Dragonflies belong to dominant insect groups of Antarctica. It was simple to them to get to this isolated continent from South America after the ending of an ice age. And here they have found the new native land. Cold rivers and meadows of Antarctica became the center of speciation of these insects. Dragonfly larvae developed many ecological niches, and even have mastered those belonged to fishes earlier. And in the summer, when active flight of mosquitoes and midges begins, dragonflies undergo metamorphosis and turn to air pirates. Like shining arrows they fly through midge swarms and catch midges by spiky legs. However they become victims of insectivorous birds. Their most terrible enemy is swallow-looker, equal to many dragonflies in speed. Sparkling with oculate spots on long tail feathers, swallow-looker male flies above little marsh and catches a small dragonfly – one of numerous ones hovering above water. In heat of summer at the majority of these birds there is one care of paramount significance: to feed posterity. Having made a graceful turn in air, bird flies to nest. Having hung in air for one second, swallow-looker male clings by claws to an entrance. Having felt a push, nestlings quicken and open wide mouths. But there is only one dragonfly, and it at once disappears in the nearest mouth of nestling. The second nestling receives the lump of insects stuck together by saliva from parent’s craw, and the third and the fourth ones will come to wait while mum will return.
Swallow-lookers have their first and last brood in this season in their nest, and the breeding pair of mousebirds already started the second nesting cycle. Birds have carefully cleaned a hole, have thrown out the rests of the old litter teeming with parasites and have plunged again into parental cares, hatching by turns the second clutch in this season.
Across the plain deep stream with clear cold water flows. It is one of hundreds, and even of thousands of streams that begin in peat bogs or flow down from glaciers of the Central Antarctica in the summer. Its water is crystal-clear and cold. This is a fine place for breeding of insects. In Antarctic streams it is possible to find larvae of midges and local nonbiting chironomids. They breed in huge numbers here: mosquito larvae, being disturbed by anything, in large clouds jump out from silt, and midge larvae cover stones and underwater parts of plants like carpets. One species of Antarctic mousebirds has adapted to get food in water. It is a necktied mousebird, the close relative of white-throated mousebird. It is not able to dive and run on the bottom like dippers do, but has developed a special way of catching of these larvae. Necktied mousebird, dexterously jumping from stalk to stalk, moves far from the bank. Having chosen a place where the colony of midge larvae is seen, it moves on the stem nearest to it and moves down under water, seizing it by paws. The plumage of necktied mousebird is richly smeared with secretions of preen gland, and under water the bird looks silvery. Having inhaled at last, the bird quickly moves under water, and, not letting stem off, begins pecking small insect larvae quickly. When the inhaled air comes to an end, the bird rises, makes some breaths and dives again.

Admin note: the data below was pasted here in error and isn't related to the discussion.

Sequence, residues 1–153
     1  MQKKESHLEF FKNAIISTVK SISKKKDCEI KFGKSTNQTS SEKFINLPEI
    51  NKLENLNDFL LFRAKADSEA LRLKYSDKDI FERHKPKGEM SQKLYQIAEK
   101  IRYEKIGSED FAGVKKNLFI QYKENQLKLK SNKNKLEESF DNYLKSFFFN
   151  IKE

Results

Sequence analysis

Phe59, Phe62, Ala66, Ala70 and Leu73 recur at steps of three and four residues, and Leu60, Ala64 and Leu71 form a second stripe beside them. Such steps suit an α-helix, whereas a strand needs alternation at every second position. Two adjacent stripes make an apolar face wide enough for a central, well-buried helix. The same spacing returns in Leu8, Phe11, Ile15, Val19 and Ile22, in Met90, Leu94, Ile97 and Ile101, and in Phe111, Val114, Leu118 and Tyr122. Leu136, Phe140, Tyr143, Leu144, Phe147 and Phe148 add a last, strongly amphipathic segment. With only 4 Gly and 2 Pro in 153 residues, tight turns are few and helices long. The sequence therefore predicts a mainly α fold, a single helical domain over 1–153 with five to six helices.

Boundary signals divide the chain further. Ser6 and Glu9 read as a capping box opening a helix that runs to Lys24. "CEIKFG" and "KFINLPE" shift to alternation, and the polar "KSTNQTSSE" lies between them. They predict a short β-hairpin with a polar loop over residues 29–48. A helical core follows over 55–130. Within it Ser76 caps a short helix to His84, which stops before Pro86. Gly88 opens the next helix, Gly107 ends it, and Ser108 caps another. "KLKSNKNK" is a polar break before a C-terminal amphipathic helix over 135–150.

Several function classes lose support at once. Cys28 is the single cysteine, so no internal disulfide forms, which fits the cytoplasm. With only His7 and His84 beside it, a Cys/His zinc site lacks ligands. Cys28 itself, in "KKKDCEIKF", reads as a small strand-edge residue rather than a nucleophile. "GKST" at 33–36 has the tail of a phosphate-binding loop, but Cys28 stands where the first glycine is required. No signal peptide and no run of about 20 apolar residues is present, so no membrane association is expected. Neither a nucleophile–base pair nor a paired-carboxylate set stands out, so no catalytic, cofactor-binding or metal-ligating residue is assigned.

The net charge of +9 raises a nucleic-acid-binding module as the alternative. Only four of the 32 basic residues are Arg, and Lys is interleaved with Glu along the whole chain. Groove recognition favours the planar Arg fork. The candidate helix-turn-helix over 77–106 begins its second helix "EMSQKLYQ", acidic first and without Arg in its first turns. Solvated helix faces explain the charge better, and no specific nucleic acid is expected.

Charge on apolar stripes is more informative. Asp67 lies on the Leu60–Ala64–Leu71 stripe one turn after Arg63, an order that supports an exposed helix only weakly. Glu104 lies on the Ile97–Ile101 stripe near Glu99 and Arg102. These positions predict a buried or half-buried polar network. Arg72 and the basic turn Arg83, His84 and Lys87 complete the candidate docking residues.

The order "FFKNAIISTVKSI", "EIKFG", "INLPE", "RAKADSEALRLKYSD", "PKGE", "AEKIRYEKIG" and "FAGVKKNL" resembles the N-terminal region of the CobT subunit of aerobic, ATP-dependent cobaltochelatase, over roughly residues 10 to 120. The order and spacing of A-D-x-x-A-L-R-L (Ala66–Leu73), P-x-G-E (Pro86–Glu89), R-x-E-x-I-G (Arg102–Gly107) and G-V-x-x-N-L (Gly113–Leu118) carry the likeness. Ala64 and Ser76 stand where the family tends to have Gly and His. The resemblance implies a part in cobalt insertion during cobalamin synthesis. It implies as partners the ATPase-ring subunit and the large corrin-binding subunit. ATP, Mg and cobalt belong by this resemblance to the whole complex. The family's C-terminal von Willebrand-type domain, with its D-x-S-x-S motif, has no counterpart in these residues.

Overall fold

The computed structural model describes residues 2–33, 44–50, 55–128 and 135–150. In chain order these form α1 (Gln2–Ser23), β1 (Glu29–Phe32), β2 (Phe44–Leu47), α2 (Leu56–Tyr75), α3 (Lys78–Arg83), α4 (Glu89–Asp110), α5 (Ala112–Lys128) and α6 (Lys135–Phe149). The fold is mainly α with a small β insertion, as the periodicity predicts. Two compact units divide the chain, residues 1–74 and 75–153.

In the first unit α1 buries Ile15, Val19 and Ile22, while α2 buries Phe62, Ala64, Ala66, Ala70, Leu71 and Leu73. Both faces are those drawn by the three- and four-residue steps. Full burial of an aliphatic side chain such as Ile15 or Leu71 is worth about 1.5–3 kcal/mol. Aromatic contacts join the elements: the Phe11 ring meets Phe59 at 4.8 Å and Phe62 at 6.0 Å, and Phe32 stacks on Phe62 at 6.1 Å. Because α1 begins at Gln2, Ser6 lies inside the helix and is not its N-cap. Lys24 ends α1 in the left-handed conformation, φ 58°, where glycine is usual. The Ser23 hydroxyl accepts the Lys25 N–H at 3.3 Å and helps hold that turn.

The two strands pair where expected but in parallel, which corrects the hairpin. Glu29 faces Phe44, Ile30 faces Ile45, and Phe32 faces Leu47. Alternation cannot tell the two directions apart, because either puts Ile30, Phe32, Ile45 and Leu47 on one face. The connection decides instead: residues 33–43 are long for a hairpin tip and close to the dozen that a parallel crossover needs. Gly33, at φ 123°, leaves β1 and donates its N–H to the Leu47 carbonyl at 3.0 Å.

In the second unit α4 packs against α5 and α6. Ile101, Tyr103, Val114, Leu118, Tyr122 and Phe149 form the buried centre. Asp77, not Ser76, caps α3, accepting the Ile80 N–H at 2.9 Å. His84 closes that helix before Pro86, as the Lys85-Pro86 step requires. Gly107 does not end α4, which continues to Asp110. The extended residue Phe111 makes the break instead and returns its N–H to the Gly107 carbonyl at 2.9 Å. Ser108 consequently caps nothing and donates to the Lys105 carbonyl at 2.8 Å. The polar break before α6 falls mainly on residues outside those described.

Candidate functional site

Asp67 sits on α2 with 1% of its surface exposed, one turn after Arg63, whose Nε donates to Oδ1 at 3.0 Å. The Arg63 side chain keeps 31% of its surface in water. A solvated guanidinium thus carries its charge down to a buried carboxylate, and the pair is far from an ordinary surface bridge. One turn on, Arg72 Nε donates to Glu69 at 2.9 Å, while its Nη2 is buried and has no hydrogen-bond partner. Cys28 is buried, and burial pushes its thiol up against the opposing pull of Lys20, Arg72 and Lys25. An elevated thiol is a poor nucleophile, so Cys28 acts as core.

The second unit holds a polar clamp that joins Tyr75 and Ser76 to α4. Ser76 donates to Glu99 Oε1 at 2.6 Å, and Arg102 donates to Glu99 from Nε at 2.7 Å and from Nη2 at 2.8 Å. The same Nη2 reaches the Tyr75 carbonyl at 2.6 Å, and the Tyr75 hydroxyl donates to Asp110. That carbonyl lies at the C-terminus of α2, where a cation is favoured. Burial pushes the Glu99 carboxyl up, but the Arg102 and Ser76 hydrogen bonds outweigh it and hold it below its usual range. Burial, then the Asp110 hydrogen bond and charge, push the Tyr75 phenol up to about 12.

It is possible to find under water something larger than midge larvae. Mousebird is involved with movement at the stream bottom. Having gone down deeper a little, necktied mousebird sticks its beak into vegetative dust, and on the spot catches a dragonfly nymph trying to hide. Not wasting its force, it emerges like a cork, having let the stem off, and quickly gets out from the stream. With the impact against the ground it kills the nymph and tears it to some pieces. Having filled its craw, mousebird hides in grass: it has fledglings which have left the nest but still depend on parents.
Mousebird runs to its brood, being hidden from curious sights by sedge leaves. It hastens to the brood, being not suspected that it is bearing also danger to its posterity in addition to food. Falcon grackle, huge yellow-eyed male, has noticed this fussy bird, and now flies following it. In its mind this bird does not concede to crows, and the predator perfectly knows, where the bird gathered such amount of food may lead him. Mousebird runs out from sedge thickets and hastens to high cushion of one Antarctic graminoid. Here, between its stalks, four young necktied mousebirds hide. Having caught sight of the parent carrying food, they begin calling, thus showing to falcon grackle where it is possible to find easy prey. Predator falls upon grass bush where young mousebirds hide, but quick reflexes have saved tiny birds. Maybe, they are not able to fly, but they run excellently. While grackle flapped wings, having got stuck in grass, it had seen the several birdies jumped up in air high and immediately dived in grass. For those seconds when grackle folded its wings, mousebirds succeeded to get away. But hunting is not finished yet… Grackle has long legs, and sometimes it gets small prey by catching it up in run. At the wintering places in South America these grackles catch rodents in this way, chasing them in grass. Therefore grackle tries to overtake mousebirds in run. It has quite good chances: birds are young and still run not as quickly, as adults do. But mousebirds also have an advantage before the feathery robber: they are small and can run easily in places where the predator will squeeze hardly. Mousebirds hide in grass, intentionally choosing the thickest parts of it, but grackle does not recede. And mousebirds have one more trick in stock: they hide in sedge. Edges of sedge leaves are sharp and put unpleasant cuts, therefore the predatory bird recedes. Today mousebirds are lucky, but their life will not always be so successful. Once a predator would be lucky also, but not now. Therefore falcon grackle begins air hunt where it has a chance.